'' Article 30. - The Free City of Danzig undertakes to apply to racial, religious and linguistic minorities provisions identical with those which are applied by Poland on Polish territory, in execution of Chapter I of the Treaty concluded at Versailles on June 28th, 1919, between Poland and the Principal Allied and Associated Powers, with a view, in particular, to ensure the application of the provisions laid down in Article 104, paragraph 5, of the Treaty of Versailles with Germany."

[96] This article, which appeared without any change in the revised text of the Conference of Ambassadors under date of October 20th, corresponds to Article 33 of the Convention of Paris.

[97] It should be noticed that the treatment accorded by Article 30 of the draft to Polish nationals and other persons of Polish origin or speech is not national treatment, but the régime of minority protection, and that the application of provisions [p35] identical to those applied by Poland in Polish territory in accordance with Chapter I of the Polish Minorities Treaty of June 28th, 1919, constituted, in the opinion of the Conference of Ambassadors, the fulfilment of the mandate contained in Article 104: 5 of the Treaty of Versailles.

[98] However that may be, Article 33 of the Convention of Paris differs from Article 30 of the Conference draft in two respects, namely: (1) the word "identical" in the first part of the first paragraph of the article is changed to "similar", and (2) the second part: "with a view, in particular, to ensure the application of the provisions laid down in Article 104 (5) of the Treaty of Versailles" is changed to: "to provide, in particular, against any discrimination, in legislation or in the conduct of the administration, to the detriment of nationals of Poland and other persons of Polish origin or speech, in accordance with Article 104, paragraph 5, of the Treaty of Versailles". The substitution of the word "similar" for "identical" would not seem to be of importance for the purposes of the present Opinion. On the other hand, the change in the second part of the paragraph has given rise to different interpretations. In the text finally adopted, this second part reproduces the words of Article 104: 5 of the Treaty of Versailles with the addition, in the body of the text, of the words: "in legislation or in the conduct of the administration" ; this addition does not, however, materially affect the respective interpretations given by the two Governments concerned.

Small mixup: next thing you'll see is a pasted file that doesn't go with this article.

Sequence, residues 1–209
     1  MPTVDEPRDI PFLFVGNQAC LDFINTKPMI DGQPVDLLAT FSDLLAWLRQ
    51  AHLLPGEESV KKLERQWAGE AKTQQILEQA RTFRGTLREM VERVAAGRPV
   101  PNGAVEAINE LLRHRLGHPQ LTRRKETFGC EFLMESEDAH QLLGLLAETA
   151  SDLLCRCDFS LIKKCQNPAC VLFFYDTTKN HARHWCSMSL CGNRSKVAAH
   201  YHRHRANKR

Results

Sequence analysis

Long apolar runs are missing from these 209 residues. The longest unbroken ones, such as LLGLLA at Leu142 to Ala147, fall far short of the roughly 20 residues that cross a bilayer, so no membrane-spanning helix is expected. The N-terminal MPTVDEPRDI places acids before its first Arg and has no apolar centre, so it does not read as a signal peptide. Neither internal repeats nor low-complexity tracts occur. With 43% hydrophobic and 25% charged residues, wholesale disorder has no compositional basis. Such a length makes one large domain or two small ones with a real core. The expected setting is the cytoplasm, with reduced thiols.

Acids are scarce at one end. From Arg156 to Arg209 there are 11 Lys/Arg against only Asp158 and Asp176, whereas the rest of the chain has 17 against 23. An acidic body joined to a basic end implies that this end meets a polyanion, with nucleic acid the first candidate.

[99] Although the Court, in giving its interpretation of the clause in question, is in no way bound by the views of the interested Governments, it will be well to indicate here what these views are.

[100] The Government of the Free City maintains in substance that the second part of the paragraph should be read in the light of the first part, on the ground inter alia that the introduction of the second part by the word "notamment" logically renders the first part a principal clause, and the second a subsidiary clause, so that what is said in the latter must necessarily be implied and therefore included in the former. In a word, the whole paragraph, according to the Danzig interpretation, contains one undertaking only, the second part [p36] merely confirming the undertaking assumed by Danzig in the first part. The Polish Government, on the other hand, contends that in the first paragraph of the article, the first part relates to the protection of minorities in general, whereas the second relates to the treatment of Polish nationals and other persons of Polish origin or speech in particular, a treatment which, according to the Polish interpretation, must be national treatment, subject to the two exceptions already noticed.